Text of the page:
at the same time i was reading Will's book i was dipping into a looooong essay by david foster wallace called "a supposedly fun thing i'll never do again" (this link has a different name for the essay). this is an excruciatingly detailed account of a luxury cruise taken by the author. it made me laugh so hard my stomach ached and there are occasions of artful insight into being human that made me pause and thank God for this author (see here for an account of a tragically sad life story).
anyway, there were many wonderful similarities between the topic of Will's writing and Wallace's pained cruise ship experience. i wanted to share a paragraph or two here because i think wallace hits on something profound and not limited to cruise ship experiences. in many ways we have experienced our whole lives as a luxury cruise ship in this part of the world. indulgence has made us discontent and wanting more. good things have caused us to desire just a little bit more and a sense of being ripped off when we see others with something we desire. as christians (and human persons) this is very dangerous territory insofar as it goes against the virtuous ways of jesus and the ethics of the faithful saints who have gone before us. it also generates an inevitable rush toward the destruction of each other and God's good creation.
so, here's how wallace describes his increasing dis-ease with luxury and privilege - he has just confessed jealousy as another, bigger, whiter, brighter cruise ship has pulled into their port somewhere in the Caribbean. (from pages 19 and 20 in the linked pdf). this may be my new sacred text for the lenten season :)
I am suffering here from a delusion, and I know it's a delusion, this envy of another ship, but still it's painful. It's also representative of a psychological syndrome that I notice has gotten steadily worse as my' Luxury Cruise wears on, a mental list of dissatisfactions that started off picayune but has quickly become despairgrade. I know that the syndrome's cause is not simply the contempt bred of a week's familiarity with the poor old Nadir, and that the source of all the dissatisfactions isn't the Nadir at all but rather that ur-Arnerican part of me that craves pampering and passive pleasure: the dissatisfied-infant part of me, the part that always and indiscriminately WANTS. Hence this syndrome by which, for example, just four days ago I experienced such embarrassment over the perceived self-indulgence of ordering even more gratis food from cabin service that I littered the bed with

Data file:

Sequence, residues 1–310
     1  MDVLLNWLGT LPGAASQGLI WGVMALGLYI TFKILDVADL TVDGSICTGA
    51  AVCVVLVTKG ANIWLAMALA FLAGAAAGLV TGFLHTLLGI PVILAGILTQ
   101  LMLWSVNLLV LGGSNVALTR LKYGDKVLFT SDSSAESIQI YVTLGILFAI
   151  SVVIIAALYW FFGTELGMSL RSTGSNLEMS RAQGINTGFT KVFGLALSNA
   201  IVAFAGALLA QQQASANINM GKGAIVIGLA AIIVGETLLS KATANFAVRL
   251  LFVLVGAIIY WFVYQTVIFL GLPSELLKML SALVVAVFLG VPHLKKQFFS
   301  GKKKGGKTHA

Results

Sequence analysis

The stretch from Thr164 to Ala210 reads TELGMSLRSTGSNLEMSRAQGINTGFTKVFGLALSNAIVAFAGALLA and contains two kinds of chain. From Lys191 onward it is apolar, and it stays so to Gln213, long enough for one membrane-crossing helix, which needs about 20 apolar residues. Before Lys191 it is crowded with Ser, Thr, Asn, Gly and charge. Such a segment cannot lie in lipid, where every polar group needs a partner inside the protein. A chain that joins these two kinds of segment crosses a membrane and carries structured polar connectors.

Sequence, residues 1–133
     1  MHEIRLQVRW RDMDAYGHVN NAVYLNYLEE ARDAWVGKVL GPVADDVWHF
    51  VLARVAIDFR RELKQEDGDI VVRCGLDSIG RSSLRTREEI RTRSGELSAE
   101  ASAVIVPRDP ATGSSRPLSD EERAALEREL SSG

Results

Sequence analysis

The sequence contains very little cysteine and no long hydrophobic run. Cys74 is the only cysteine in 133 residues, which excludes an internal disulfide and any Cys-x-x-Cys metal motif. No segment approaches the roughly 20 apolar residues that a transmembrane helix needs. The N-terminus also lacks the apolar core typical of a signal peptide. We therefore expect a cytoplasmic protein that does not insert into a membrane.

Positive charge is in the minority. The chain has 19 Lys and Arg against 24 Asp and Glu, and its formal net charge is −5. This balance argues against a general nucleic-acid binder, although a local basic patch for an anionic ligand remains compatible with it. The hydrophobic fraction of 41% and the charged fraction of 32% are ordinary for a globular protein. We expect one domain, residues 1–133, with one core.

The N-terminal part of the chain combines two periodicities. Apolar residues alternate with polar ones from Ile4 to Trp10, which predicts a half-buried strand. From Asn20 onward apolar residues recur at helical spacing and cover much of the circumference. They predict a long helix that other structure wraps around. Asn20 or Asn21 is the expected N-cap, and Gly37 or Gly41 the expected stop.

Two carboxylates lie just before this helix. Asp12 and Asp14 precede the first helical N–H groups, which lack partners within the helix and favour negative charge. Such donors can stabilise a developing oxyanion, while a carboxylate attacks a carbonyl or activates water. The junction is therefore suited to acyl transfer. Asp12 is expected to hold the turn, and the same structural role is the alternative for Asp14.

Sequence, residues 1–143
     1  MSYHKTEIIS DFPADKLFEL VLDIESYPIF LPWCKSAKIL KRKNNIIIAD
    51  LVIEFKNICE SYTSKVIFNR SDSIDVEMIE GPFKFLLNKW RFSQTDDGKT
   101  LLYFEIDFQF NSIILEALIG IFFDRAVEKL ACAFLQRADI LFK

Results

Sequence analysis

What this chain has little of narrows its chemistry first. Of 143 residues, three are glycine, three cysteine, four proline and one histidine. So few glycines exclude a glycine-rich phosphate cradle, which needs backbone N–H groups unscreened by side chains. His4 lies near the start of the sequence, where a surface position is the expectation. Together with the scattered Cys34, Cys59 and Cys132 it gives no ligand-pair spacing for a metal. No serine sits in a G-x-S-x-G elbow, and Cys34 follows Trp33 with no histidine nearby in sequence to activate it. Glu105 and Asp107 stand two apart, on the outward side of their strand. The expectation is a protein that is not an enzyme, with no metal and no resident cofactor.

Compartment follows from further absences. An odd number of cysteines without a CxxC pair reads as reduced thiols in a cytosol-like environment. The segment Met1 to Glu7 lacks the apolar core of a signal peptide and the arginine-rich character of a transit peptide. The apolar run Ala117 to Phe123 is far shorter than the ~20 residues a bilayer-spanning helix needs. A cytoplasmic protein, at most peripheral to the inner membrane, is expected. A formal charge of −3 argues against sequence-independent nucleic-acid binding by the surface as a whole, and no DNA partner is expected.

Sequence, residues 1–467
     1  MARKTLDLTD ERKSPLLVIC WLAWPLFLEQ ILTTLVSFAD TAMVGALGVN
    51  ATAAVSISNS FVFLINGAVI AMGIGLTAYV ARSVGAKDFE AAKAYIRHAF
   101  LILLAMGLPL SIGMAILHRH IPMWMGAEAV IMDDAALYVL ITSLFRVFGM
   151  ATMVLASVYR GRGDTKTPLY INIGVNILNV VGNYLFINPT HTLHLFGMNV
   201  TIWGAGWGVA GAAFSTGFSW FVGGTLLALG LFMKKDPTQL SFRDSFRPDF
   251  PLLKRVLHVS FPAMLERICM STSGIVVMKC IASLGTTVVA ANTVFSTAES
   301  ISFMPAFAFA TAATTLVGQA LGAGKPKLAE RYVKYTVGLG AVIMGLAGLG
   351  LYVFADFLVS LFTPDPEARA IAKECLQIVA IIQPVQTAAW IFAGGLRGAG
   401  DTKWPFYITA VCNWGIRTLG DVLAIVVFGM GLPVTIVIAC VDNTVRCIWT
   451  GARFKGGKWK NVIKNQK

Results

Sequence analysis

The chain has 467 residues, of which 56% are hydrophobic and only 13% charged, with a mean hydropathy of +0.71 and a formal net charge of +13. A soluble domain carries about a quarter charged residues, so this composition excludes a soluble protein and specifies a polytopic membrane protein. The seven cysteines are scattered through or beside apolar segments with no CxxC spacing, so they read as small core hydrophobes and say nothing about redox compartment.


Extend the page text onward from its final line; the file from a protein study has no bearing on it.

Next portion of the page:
fake evidence of hard work and missed meals, whereas by last night I find myself looking at my watch in real annoyance after fifteen minutes and wondering where the f#@k is that cabin service guy with the tray already. And by now I notice how the tray's sandwiches are kind of small, and how the wedge of dill pickle always soaks into the starboard crust of the bread, and how the port hallway is too narrow to really let me put the used cabin service tray outside 1009's door at night when I'm done eating, so that the tray sits in the cabin all night and in the morning adulterates the olfactory sterility of 1009 with a smell of rancid horseradish, and how this seems, by the Luxury Cruise's fifth day, deeply dissatisfying.
Death and Conroy notwithstanding, we're maybe now in a position to appreciate the falsehood at the dark heart of Celebrity's brochure. For this-the promise to sate the part of me that always and only WANTS-is the central fantasy the brochure is selling. The thing to notice is that the real fantasy here isn't that this promise will be kept but that such a promise is keepable at all. This is a big one, this lie. And of course I want to believe it; I want to believe that maybe this ultimate fantasy vacation will be enough pampering, that this time the luxury and pleasure will be so completely and faultlessly administered that my infantile part will be sated at last. But the infantile part of me is, by its very nature and essence, insatiable. In fact, its whole raison consists of its insatiability. In response to any environment of extraordinary gratification and pampering, the insatiable-infant part of me will simply adjust its desires upward until it once again levels out at its homeostasis of terrible dissatisfaction. And sure enough, after a few days of delight and then adjustment on the Nadir, the Pamper-swaddled part of me that WANTS is now back, and with a vengeance.